John F. Dryden was born on August 7, 1839 in Temple, Maine, United States.
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Father of industrial insurance
He was born in Temple, Maine and he moved in 1846 with his parents to Worcester. John Dryden introduced industrial life insurance into America and brought it to wide acceptance as a major social and economic device. This constituted a new concept of family financing planning and brought life insurance within the financial reach of all people. He witnessed the financial despair of the post-Civil War America, which contributed to low wages, frequent unemployment, and frequent failing of financial institutions holding entrusted savings. His study of the industrial insurance system, introduced in England in 1854, convinced him of the need for and practicality of a "poor man’s life insurance company." Despite government opposition and a public attitude hostile to insurance, he founded in 1873 The Widows and Orphans Friendly Society. This became the Prudential Insurance Company of America in 1877. He remained the guiding genius of the company for 36 years. Along with weekly premium insurance, Dryden introduced into America the debit system of collecting premiums at the home of the insured. This system helped keep policies in force during difficult economic times and tended to educate broad masses of people to the value of life insurance. He led the insurance business in introducing liberalization of industrial policies and in extending new benefits by concession to the holders of older policies. His insistence on sharing corporate profits with policyholders led to the eventual mutualization of the company. He died in Newark, New Jersey, United States.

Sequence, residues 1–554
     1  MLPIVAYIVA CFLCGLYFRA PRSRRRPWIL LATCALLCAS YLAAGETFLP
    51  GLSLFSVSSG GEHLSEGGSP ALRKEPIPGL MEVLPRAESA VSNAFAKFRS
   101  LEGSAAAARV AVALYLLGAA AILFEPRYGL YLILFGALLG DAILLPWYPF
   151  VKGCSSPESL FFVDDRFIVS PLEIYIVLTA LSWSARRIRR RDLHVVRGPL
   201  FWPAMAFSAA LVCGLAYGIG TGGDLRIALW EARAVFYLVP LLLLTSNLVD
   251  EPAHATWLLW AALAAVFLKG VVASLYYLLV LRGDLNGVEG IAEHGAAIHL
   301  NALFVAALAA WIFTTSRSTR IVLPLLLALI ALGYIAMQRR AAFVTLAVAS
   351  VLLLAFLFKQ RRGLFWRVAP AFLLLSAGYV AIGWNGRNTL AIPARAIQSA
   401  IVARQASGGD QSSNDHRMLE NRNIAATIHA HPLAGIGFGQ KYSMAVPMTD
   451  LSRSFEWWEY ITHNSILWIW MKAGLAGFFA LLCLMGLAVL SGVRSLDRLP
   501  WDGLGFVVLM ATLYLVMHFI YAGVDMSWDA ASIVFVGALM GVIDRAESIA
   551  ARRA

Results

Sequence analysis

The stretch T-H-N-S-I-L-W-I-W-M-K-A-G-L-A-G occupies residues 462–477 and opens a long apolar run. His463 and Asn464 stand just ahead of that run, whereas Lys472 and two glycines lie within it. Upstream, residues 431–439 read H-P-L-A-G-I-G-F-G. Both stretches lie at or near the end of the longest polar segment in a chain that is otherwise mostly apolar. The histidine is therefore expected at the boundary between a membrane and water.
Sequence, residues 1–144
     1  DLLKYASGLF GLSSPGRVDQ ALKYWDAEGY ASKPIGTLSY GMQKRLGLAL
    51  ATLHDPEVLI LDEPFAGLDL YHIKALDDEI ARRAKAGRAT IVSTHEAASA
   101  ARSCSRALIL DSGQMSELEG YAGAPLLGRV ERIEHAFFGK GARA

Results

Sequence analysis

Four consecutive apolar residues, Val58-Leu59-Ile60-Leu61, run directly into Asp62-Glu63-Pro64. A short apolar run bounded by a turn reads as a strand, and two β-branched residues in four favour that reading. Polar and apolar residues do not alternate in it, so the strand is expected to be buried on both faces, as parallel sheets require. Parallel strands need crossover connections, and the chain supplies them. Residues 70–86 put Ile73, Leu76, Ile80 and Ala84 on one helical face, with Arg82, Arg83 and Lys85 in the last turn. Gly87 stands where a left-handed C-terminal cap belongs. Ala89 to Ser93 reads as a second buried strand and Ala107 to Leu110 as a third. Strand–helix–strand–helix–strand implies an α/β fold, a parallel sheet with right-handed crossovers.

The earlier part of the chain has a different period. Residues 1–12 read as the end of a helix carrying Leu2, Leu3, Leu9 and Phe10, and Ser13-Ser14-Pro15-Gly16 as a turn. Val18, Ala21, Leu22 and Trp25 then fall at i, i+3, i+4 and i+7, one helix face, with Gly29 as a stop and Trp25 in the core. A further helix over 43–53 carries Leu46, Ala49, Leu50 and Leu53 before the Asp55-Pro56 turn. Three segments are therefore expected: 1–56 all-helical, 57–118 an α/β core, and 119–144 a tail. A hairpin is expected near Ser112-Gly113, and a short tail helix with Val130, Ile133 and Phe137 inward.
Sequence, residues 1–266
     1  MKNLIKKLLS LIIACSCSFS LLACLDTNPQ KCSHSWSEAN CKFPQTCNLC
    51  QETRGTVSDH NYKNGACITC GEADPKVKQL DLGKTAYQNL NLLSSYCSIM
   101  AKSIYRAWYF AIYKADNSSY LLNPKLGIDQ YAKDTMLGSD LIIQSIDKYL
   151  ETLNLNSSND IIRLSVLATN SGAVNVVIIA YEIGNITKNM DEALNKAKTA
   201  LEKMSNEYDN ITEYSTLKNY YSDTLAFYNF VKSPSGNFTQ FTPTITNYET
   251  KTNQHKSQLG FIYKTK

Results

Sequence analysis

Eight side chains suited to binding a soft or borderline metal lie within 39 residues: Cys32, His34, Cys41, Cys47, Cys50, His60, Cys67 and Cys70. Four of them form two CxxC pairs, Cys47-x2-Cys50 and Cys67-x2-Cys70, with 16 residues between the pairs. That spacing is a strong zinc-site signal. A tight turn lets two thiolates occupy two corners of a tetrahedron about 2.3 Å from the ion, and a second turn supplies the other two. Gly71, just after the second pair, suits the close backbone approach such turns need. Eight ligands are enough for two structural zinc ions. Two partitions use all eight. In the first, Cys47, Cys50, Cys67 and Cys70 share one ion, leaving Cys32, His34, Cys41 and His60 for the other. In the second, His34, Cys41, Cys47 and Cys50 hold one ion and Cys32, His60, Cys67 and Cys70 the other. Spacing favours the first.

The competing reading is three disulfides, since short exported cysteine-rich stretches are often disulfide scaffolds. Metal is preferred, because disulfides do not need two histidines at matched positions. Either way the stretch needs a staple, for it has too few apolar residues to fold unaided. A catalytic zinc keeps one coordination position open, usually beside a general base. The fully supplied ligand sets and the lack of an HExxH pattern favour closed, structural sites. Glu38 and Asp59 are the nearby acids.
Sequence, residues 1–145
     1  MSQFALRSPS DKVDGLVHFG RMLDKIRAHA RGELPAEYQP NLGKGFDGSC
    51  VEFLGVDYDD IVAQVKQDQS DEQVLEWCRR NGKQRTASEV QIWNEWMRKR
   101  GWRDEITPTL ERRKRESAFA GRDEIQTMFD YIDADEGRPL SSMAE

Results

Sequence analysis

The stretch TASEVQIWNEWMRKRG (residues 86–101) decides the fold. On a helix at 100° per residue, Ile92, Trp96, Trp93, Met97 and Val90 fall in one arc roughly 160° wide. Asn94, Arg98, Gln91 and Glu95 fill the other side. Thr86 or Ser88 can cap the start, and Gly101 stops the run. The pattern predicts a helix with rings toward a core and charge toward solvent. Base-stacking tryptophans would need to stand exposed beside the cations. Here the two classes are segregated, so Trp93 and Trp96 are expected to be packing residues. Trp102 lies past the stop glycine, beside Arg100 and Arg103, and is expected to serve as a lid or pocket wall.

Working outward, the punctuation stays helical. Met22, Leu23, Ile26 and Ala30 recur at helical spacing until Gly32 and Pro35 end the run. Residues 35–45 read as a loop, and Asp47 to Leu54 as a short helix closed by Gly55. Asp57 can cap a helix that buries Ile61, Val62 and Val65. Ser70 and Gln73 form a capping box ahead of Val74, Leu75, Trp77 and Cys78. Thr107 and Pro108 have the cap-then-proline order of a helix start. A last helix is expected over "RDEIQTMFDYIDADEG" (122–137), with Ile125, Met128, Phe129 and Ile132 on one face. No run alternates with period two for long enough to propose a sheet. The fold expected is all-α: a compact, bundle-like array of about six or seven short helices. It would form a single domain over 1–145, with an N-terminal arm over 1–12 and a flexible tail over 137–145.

He graduated from Worcester Academy, and then attended Yale College.
John Fairfield Dryden was the founder of the Prudential Insurance Company and a United States Senator from New Jersey. In 1875 he founded the Widows and Orphans Friendly Society (now Prudential Financial) in Newark, New Jersey, becoming its first secretary and in 1881 its president, and served in the latter position until 1911. He was one of the founders of the Fidelity Trust Company. He was involved in the establishment and management of various street railways, banks, and other financial enterprises in New Jersey, New York, and Pennsylvania, and was elected as a Republican to the U.S. Senate to fill the vacancy caused by the death of William J. Sewell and served from January 29, 1902, to March 4, 1907. Dryden was a candidate for reelection, but withdrew because of a deadlock in the legislature, which at the time elected U.S. Senators. While in the Senate, Dryden was chairman of the Committee on Relations with Canada (57th Congress) and a member of the Committee on Enrolled Bills (58th and 59th Congresses).
He died in Newark, New Jersey on November 24, 1911 from pneumonia following removal of gall stones two weeks earlier. His estate was valued at $50,000,000. He was buried in Mount Pleasant Cemetery in Newark.